Time To Formally Make Establishment Part Of Politics
Lately there has been a series of statements coming from government ministers asserting that the military in Pakistan was never involved politics and would never be involved in politics in any capacity—in order to forcefully belie opposition leaders’ recent onslaught against military top brass, the country’s Interior Minister and Prime Minister have come out with equally forceful assertions. There have been reports in the media and statements of the government ministers that there was a lot of anger in the military rank and file about opposition leaders’ accusation that the military was indulging in politics and they stole the July 2018 parliamentary elections.
If for a moment we leave aside the assertions and accusations of opposition leaders about military stealing the parliamentary elections, there are strong practical manifestations of the military’s involvement in the country’s politics apart from opposition’s accusations. In our society politics is often equated with electioneering, electoral process and government formation. If defined in this narrow sense, it would be difficult to establish the military’s role in Pakistani politics. But the opposition is alleging that the military and its intelligence agencies had controlled the mechanics of the electoral process this time. Broadly speaking we can sum up the military’s role in the country’s politics in the following three paragraphs.
The establishment has clear interests in the cultural realm of the society—it wants itself to be perceived in certain ways by the society in general and urban middle classes in particular. There are dedicated officers in key national security institutions dealing with (read controlling) the electronic and print media. In fact the interference of the establishment has become a permanent feature of newsrooms in both newspapers and news television. Production of propagandist books under the shadow of Pakistani national security establishment has been an old story in Pakistan. But recent years have seen addition of some more propagandist books on the bookshelves of Islamabad stores.
The establishment has permanent interest in ensuring a large share of financial resources of the state in annual national budget and also supplementary budgets to meet the costs of ongoing military operations against tribal militants and Punjab based militant groups. The lobbying behind closed doors in this regard has often led to political tussles in the power corridors. Reflection of this often comes to the surface when military leadership doesn’t desist from expressing its opposition to instruments of federalism such as 18th amendment and latest National Finance Commission Award, which supports smaller provinces.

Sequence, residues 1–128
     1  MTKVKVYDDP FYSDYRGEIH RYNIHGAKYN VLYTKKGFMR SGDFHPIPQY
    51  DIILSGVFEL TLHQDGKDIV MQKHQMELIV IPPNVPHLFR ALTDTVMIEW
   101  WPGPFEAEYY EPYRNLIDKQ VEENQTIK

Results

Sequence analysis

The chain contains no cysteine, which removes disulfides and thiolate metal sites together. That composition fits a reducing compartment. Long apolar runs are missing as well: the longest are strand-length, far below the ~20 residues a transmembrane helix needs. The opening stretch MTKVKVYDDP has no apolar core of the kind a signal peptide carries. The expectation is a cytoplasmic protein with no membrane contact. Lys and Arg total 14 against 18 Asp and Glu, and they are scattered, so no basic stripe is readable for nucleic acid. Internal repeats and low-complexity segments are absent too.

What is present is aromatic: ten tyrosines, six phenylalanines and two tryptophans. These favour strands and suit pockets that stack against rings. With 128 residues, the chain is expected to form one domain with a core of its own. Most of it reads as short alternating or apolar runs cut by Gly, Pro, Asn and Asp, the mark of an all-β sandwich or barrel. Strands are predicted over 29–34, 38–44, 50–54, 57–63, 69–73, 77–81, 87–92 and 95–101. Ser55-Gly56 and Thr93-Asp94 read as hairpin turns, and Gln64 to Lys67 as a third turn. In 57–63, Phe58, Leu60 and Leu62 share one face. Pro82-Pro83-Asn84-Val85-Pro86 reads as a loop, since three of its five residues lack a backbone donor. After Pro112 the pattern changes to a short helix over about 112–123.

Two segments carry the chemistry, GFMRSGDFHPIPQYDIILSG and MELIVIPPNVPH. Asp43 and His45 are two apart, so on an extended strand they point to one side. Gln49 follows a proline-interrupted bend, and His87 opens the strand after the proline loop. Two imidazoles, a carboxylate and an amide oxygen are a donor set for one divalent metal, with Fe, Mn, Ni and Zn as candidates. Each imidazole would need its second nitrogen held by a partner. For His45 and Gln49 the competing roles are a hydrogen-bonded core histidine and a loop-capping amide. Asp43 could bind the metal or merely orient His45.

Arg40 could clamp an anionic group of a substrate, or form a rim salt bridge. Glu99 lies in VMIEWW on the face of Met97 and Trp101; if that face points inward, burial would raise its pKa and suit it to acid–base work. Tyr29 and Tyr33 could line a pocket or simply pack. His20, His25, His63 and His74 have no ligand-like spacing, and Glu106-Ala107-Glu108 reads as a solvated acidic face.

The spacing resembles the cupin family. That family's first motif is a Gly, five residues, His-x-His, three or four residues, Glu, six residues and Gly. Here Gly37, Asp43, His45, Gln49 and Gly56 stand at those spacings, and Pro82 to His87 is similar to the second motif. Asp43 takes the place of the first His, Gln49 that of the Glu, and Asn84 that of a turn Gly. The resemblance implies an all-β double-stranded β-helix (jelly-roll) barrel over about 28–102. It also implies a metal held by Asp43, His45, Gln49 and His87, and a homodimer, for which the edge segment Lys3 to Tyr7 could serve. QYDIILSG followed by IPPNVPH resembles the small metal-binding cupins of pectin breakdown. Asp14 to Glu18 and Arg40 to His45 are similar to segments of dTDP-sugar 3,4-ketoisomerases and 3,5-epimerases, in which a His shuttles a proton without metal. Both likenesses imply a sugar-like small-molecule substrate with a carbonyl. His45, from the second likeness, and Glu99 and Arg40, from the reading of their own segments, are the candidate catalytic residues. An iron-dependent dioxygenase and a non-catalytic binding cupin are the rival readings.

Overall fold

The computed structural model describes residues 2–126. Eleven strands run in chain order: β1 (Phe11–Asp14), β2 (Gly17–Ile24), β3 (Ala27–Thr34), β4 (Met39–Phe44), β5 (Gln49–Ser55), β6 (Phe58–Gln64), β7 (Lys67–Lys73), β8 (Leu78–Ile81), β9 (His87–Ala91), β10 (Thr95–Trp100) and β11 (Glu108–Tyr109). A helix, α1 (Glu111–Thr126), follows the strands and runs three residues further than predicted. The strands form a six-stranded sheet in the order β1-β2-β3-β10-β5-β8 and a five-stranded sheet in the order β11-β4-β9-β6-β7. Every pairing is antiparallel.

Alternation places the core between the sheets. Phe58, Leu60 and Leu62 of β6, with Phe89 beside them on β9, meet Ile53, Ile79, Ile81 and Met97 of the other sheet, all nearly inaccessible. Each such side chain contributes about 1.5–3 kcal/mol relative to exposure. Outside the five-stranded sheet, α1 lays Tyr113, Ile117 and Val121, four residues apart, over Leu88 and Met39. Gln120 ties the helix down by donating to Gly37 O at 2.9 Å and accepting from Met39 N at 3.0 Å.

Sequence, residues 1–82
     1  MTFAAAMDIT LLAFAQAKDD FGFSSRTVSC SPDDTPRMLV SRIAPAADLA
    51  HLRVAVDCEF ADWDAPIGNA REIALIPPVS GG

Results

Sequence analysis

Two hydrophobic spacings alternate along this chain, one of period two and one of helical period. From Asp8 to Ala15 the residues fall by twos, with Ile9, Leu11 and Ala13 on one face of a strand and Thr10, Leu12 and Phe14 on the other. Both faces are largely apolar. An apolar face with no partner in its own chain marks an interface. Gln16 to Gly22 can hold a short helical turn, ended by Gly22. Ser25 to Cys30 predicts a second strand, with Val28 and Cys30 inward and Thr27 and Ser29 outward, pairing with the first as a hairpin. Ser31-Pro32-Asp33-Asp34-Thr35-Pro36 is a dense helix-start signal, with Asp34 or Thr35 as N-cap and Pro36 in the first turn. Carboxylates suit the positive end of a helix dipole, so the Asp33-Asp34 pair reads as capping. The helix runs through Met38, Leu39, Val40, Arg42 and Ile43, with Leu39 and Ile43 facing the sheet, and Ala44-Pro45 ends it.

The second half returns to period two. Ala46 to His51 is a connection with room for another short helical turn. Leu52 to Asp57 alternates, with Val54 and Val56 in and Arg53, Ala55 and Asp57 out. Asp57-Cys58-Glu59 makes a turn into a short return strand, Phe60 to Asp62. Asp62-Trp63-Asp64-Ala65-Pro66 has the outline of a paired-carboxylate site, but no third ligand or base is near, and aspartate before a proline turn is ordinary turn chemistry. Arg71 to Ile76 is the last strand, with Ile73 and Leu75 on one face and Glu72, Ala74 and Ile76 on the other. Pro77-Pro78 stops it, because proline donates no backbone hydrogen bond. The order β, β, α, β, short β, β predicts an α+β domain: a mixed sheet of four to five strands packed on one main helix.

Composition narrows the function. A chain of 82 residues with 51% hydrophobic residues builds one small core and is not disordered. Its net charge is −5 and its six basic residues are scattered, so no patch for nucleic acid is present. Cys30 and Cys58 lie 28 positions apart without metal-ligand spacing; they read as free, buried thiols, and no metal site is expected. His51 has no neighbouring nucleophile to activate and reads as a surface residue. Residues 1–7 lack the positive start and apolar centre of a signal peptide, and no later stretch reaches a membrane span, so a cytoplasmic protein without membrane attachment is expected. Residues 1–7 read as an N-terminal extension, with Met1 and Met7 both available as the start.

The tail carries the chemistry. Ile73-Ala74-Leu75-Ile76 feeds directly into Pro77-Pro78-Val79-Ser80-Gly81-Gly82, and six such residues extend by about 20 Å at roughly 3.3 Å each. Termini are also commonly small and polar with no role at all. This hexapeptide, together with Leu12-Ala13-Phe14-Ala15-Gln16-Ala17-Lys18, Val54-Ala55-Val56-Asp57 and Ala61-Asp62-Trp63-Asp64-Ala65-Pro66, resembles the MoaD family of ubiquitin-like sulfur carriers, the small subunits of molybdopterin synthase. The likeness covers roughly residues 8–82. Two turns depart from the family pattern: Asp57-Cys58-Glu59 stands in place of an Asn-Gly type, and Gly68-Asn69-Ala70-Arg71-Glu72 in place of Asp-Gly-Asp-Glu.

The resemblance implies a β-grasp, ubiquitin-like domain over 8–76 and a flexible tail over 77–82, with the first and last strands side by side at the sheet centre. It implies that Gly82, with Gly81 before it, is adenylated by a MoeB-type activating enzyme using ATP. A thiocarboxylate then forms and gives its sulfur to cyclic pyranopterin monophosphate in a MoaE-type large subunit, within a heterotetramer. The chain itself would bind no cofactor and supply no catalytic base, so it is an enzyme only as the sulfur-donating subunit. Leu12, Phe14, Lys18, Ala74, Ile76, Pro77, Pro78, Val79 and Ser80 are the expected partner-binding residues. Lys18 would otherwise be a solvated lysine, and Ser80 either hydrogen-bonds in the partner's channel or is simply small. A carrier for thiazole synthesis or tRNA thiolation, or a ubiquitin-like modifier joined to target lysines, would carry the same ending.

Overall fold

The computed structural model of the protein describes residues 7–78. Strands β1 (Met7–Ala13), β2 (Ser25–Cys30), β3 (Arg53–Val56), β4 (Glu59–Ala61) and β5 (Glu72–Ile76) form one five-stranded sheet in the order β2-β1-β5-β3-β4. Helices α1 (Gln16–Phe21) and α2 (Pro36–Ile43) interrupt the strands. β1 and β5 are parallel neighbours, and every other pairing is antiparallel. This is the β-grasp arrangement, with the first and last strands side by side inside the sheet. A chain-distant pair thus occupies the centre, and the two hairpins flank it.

All this lobbying for resources, public utterances by senior military officials to influence policy making, internal debates in power corridors about distribution of resources in the society, could easily be defined as politics. It can be argued that the establishment even in established democracies indulge in lobbying for resources. True. But in established democracies like the United States militaries indulge in lobbying on the surface and through legal mechanisms, and not as part of a secret cabal of so-called journalists and intellectuals in cloak and dagger style, which in the process undermine democratic processes.
The establishment has an open and clear understanding of its interests at the strategic and foreign policy level. The military leadership doesn’t indulge in any kind of polemics on foreign and strategic policy interests. But it is an open secret that the military does arm twisting on these questions. Its propaganda machinery maligns everyone and anyone who dares to publicly or in secret meetings dare to disagree with relations with India, relations with Afghanistan and relations with Washington. The way former Prime Minister Nawaz Sharif was publicly humiliated when he dared to receive Indian Prime Minister Modi in Lahore at his private residence is case in point. Besides, successive army chiefs in the post-Musharraf period have acted as diplomats-in-chief by visiting world capitals and holding bilateral foreign policy talks with important world leaders.
So it’s better to have a formal role for the establishment and put an end to the cloak and dagger style of its involvement in politics. We are in fact living in the aftermath of establishment’s intervention in the country’s politics that started in August 2014 and has continued in one form or another since then—in this period we have jumped from one bout of instability to another. Now for the sake of much needed stability we should have a formal and on the surface role of the establishment in a country’s political system. The establishment’s present role in politics is not only unsustainable; it is gradually pushing us towards a great anarchy and chaos.
Umer Farooq is an Islamabad-based freelance journalist. He writes on security, foreign policy and domestic political issues.